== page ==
Former Housing and Urban Development Secretary Julian Castro dropped out of the 2020 Democratic presidential primary on Thursday, ending a progressive and pugnacious bid that emphasized immigration and social issues but rarely made progress in the polls.
"I'm so proud of the campaign we've run together. We've shaped the conversation on so many important issues in this race, stood up for the most vulnerable people, and given a voice to those who are often forgotten," Castro said in his video announcement.
"But with only a month until the Iowa caucuses and given the circumstances of this campaign season, I've determined that it simply isn't our time," he added. "So today it's with a heavy heart and with profound gratitude that I will suspend my campaign for president."
A former mayor of San Antonio and HUD secretary during President Barack Obama's administration, Castro campaigned on reforming immigration policy and the criminal justice system. He supported "Medicare for All" and climate change initiatives such as the Paris Accord and Green New Deal.
But his progressive campaign never gained traction in the polls. The RealClearPolitics polling average showed Castro consistently mired at the bottom of the field with less than 2% support.
His fundraising operation also lagged behind his competitors. He reportedly raised just $3.5 million in the third quarter of 2019 — a fraction of hauls raised by pack-leaders Joe Biden, Bernie Sanders, Elizabeth Warren and Mayor Pete Buttigieg.
Castro, 45, was criticized after a September debate, when he attacked Biden by suggesting the then-76-year-old former vice president may have had a lapse in memory.
"Are you forgetting what you said two minutes ago?" Castro asked Biden. The quip drew hoots of displeasure from the debate audience, and critics saw it as a disrespectful attack on Biden's age and mental sharpness.
Biden appeared to let bygones be bygones Thursday morning, complimenting Castro in a tweet.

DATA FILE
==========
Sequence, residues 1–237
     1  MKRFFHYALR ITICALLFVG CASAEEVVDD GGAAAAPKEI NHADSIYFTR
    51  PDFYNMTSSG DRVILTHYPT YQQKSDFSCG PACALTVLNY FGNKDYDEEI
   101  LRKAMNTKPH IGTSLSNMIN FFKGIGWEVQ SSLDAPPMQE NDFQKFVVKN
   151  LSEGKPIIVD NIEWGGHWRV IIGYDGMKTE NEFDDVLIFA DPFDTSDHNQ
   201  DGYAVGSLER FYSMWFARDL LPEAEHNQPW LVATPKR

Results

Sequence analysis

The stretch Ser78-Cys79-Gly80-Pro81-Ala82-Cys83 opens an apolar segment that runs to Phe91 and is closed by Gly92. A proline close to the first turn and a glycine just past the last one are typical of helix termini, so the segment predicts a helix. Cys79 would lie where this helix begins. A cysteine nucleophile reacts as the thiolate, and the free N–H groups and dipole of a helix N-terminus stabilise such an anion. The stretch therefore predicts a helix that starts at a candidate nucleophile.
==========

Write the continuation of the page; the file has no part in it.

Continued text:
"It was a privilege to work with @JulianCastro during the Obama Administration, and a true honor to be in this talented field of candidates with him. He led his historic campaign with grace and heart and used his platform to lift the voices of others. Thank you, Mr. Secretary," Biden tweeted.
Castro, whose twin brother, Joaquin, is a Texas congressman, often focused on his history as a child of Mexican immigrants and presented himself as the candidate who best represented the Hispanic community.
But his was not a single-issue campaign. He had proposed increasing funding for the health care, education and housing of indigenous peoples, along with establishing a White House Council on Indigenous Communities.
He also pushed an animal welfare plan that would make animal abuse a federal crime, end the euthanasia of healthy animals in shelters and improve standards for animal welfare in farming practices.
Castro was one of the youngest Democrats vying to defeat President Donald Trump in the 2020 contest. He is the first candidate to quit the race since early December, when Sen. Kamala Harris of California folded her campaign.
Word of Castro's plans to withdraw was first reported by The New York Times.
Some of the remaining candidates shared parting words for Castro on social media.
"America is better because @JulianCastro has dedicated his career to lifting communities and expanding opportunities for all of us," Buttigieg tweeted.
"Congrats Julián on having run a tremendous race that elevated the right issues," wrote entrepreneur Andrew Yang, whose own campaign saw a huge fundraising boost at the end of 2019.
Warren and New Jersey Sen. Cory Booker also tweeted about Castro.